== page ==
The cardiac arrhythmia atrial fibrillation is one of the biggest risk factors for developing strokes. However, cardiac arrhythmias usually occur at irregular intervals, and can therefore only be detected in the moment they are happening.
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Atrial fibrillation is the most common cardiac arrhythmia and can only be detected when it occurs. It is characterized by a markedly accelerated, constantly irregular heartbeat. When atrial fibrillation occurs, the atria can no longer properly support the heart chambers during pumping. As a result, the heart does not empty completely and blood remains in the atria, where it can form clots. These clots can enter the brain and trigger a stroke.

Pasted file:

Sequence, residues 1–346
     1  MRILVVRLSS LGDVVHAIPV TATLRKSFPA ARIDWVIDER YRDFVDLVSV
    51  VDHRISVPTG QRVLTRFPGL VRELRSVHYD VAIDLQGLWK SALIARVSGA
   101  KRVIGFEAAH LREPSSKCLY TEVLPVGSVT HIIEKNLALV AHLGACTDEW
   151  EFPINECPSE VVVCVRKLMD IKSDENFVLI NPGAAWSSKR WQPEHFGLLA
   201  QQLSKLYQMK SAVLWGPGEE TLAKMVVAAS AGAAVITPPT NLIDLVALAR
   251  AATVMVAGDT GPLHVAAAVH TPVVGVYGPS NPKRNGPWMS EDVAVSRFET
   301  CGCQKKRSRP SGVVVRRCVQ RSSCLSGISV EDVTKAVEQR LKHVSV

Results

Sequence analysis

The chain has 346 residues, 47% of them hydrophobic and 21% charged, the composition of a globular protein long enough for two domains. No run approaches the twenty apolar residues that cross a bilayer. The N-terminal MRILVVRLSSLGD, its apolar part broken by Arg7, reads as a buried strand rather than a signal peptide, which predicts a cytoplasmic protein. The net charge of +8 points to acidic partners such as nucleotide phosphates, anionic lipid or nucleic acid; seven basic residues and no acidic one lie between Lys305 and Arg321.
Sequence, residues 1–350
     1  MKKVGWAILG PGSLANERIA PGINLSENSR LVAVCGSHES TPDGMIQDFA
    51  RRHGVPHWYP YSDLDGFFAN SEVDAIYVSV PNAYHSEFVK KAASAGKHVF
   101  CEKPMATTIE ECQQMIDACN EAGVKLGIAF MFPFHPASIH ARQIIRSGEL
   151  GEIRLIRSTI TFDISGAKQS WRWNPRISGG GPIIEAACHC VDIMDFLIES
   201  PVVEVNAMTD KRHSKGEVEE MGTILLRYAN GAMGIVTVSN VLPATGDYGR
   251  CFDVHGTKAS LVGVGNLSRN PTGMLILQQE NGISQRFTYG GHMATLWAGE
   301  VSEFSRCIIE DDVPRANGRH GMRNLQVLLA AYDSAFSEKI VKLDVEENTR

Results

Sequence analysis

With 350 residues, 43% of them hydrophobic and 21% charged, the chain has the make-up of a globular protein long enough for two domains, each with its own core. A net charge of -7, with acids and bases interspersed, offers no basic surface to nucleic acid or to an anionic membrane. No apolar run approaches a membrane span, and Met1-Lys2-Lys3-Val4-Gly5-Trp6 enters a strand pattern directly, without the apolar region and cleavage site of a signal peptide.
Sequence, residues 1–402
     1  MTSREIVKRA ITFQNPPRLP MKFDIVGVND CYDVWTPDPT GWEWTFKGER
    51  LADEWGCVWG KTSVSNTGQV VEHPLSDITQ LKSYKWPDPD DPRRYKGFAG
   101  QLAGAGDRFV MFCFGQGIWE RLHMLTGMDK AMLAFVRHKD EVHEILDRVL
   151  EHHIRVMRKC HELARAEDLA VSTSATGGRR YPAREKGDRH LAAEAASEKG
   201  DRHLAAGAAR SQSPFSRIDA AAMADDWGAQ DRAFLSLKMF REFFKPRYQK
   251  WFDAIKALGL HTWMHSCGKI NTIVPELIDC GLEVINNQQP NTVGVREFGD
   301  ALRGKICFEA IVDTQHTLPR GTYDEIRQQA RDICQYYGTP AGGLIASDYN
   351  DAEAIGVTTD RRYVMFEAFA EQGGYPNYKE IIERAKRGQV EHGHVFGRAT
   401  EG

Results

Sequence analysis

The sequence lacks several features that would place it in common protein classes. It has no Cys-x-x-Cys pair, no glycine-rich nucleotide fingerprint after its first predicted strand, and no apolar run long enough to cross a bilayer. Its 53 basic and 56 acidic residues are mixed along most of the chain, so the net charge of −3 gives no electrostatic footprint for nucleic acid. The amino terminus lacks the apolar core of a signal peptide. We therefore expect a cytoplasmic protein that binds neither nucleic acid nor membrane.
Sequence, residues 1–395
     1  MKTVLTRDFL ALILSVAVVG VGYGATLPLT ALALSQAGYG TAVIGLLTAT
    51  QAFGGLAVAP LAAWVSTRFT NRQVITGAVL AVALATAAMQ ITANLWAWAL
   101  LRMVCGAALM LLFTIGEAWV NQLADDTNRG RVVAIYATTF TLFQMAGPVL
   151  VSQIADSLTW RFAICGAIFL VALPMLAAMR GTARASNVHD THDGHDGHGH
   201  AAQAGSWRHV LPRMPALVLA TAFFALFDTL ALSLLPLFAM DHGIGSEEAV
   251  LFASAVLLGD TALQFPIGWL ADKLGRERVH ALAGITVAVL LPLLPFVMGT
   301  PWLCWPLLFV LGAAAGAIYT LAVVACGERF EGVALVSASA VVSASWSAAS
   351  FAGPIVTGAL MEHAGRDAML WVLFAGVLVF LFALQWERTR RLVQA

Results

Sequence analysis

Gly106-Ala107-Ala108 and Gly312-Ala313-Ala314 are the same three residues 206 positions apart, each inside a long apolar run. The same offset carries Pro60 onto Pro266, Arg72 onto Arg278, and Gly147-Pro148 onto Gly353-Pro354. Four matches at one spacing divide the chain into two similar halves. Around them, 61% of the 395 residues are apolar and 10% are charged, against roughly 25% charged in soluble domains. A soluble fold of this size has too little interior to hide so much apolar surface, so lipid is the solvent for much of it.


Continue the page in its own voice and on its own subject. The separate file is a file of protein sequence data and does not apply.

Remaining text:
Signs of atrial fibrillation are often unspecific, such as palpitations, dizziness, shortness of breath or chest pain. Up to 30 % of the people who suffer from atrial fibrillation do not feel any symptoms at all.